|Publication number||US4024494 A|
|Application number||US 05/696,948|
|Publication date||May 17, 1977|
|Filing date||Jun 17, 1976|
|Priority date||Jun 17, 1976|
|Publication number||05696948, 696948, US 4024494 A, US 4024494A, US-A-4024494, US4024494 A, US4024494A|
|Inventors||F. Joseph Quesnel|
|Original Assignee||Quesnel F Joseph|
|Export Citation||BiBTeX, EndNote, RefMan|
|Patent Citations (1), Referenced by (21), Classifications (14)|
|External Links: USPTO, USPTO Assignment, Espacenet|
1. Field of the Invention
This invention relates to a door lock associated with a motor home having an alarm circuit for connection to the electrical system of the vehicle to alert the operator prior to movement of the vehicle that the lock is not secured, and more particularly to a motor home refrigerator door lock.
2. Description of the Prior Art
Modern motor homes, camping trailers and other recreational vehicles have refrigerators and freezers installed therein. Due to the close quarters in such vehicles, it is common practice to omit from the refrigerator or freezer the usual door handle and positive lock that might be found on a unit designed for the home. Instead, it is common to provide simple friction or magnetic locks to allow easy access to the refrigerator contents while the motor home is parked, and a locking device that requires an overt manual operation to secure the doors prior to driving the vehicle.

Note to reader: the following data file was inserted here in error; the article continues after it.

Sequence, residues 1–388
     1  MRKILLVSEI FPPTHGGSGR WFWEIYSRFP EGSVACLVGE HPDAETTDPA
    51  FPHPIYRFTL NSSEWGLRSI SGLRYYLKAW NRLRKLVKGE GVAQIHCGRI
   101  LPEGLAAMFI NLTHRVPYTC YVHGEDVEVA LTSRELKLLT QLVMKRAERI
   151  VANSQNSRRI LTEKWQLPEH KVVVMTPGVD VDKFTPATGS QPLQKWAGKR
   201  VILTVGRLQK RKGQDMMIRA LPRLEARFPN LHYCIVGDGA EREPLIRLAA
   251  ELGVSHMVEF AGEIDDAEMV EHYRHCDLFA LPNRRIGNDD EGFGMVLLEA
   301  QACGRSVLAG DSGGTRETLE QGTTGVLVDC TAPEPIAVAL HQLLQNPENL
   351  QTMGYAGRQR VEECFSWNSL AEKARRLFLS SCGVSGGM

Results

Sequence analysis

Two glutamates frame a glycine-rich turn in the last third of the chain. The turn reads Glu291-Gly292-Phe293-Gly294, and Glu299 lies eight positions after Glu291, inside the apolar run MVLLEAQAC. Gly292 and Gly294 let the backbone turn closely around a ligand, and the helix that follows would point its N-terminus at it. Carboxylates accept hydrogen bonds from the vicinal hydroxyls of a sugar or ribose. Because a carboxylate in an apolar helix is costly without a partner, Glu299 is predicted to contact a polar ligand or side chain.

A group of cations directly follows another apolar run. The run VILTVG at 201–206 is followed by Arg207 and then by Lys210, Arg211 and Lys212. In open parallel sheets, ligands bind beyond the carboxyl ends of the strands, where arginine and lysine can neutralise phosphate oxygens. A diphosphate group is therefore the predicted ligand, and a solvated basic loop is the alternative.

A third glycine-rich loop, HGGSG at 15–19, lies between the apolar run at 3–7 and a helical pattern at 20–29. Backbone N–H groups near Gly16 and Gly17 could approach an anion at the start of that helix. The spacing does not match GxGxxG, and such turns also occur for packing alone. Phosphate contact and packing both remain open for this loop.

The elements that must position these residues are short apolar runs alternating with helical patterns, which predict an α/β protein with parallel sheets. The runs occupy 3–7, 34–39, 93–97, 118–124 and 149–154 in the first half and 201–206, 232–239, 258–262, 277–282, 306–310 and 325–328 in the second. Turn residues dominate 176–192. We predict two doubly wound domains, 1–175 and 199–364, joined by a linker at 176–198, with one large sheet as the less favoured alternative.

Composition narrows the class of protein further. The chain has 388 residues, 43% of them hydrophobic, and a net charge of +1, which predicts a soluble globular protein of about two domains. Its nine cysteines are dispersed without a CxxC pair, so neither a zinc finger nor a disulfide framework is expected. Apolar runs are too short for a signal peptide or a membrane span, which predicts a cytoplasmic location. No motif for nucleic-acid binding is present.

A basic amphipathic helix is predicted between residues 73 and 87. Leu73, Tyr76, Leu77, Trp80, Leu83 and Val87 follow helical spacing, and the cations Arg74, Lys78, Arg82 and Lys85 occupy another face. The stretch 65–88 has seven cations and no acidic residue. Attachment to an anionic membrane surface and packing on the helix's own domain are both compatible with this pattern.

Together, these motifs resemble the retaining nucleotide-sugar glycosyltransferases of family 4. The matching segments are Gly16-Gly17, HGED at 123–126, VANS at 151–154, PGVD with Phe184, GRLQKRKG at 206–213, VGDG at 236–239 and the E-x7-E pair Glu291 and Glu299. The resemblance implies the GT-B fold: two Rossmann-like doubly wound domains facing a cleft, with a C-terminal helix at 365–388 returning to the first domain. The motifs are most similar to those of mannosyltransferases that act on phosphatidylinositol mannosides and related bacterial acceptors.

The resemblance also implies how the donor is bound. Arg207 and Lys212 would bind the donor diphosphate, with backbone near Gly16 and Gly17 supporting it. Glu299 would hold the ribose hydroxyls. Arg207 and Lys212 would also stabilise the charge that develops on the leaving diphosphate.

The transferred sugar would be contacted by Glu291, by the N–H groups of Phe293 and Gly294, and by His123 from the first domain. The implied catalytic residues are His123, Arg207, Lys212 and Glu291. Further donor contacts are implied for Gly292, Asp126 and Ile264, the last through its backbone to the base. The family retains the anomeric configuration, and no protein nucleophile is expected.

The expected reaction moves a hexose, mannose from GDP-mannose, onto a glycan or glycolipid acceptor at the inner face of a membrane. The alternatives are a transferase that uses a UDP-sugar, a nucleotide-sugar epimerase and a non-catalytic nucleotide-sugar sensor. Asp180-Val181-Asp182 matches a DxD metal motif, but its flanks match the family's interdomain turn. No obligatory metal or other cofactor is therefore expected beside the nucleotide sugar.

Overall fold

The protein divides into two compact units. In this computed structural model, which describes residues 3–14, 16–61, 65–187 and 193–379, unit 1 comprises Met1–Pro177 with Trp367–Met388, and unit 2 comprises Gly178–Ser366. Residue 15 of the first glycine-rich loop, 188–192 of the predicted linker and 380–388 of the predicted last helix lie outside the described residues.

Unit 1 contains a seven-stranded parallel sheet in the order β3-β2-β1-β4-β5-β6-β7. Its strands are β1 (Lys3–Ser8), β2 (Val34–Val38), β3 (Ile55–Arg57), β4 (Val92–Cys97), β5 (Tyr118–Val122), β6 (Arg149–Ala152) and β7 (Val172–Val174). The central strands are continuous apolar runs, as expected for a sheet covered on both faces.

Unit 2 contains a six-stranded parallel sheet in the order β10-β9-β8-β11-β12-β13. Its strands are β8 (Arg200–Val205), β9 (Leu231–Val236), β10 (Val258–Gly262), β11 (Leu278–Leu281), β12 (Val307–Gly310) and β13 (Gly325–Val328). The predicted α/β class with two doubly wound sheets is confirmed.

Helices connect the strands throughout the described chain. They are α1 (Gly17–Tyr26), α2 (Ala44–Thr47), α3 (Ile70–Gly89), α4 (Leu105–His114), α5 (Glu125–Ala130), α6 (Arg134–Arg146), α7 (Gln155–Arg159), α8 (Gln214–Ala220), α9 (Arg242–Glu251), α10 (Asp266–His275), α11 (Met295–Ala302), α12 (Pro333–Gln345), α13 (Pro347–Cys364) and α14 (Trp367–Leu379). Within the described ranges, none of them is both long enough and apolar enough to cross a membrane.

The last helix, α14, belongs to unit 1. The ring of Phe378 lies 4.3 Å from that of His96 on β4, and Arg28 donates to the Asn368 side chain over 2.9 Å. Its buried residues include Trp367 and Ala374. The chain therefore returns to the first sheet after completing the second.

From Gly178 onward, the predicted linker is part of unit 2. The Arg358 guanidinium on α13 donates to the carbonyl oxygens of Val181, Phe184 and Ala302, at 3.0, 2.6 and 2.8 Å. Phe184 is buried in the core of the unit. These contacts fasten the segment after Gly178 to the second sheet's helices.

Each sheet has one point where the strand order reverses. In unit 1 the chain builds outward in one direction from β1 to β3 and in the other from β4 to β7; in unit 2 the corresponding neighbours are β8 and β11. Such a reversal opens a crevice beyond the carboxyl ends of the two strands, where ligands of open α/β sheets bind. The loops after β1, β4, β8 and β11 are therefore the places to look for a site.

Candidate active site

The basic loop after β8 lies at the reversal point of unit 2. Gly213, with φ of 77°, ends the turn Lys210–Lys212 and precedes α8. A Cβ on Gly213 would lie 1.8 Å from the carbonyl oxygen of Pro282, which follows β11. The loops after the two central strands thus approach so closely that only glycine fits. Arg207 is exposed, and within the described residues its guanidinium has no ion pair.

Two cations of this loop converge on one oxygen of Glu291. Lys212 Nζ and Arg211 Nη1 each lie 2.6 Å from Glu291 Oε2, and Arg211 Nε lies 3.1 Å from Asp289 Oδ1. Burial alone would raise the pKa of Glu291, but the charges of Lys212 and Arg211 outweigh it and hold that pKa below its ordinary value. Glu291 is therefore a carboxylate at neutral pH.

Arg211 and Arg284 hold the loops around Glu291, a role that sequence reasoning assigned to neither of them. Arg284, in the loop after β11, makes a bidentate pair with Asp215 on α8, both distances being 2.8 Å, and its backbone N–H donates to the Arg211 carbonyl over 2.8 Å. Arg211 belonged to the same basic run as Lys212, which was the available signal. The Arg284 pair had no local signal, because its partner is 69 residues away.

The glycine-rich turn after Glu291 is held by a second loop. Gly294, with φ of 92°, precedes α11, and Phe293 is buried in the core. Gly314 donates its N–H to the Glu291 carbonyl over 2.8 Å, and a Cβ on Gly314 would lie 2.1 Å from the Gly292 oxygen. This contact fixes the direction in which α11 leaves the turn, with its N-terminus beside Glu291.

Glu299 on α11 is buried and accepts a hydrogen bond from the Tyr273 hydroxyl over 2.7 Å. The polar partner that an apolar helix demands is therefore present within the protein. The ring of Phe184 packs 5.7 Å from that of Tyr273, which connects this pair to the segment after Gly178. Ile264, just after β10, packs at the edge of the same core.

An inherent problem in this arrangement is that the user neglects to apply the manual lock to the refrigerator or freezer door prior to start-up and movement of the vehicle. Thus, it is highly probable that acceleration and turning of the vehicle will cause the doors to swing open with the resulting danger of the contents spilling out onto the floor of the vehicle. Of course, such spillage can, at worst, result in injury to occupants, and at best, waste food and stain carpets.
While door lock alarms are old in the art, no known prior art has approached or solved this problem resulting from the widespread use of recreational vehicles, motor homes, and the like by providing means of warning the operator of such unsafe condition.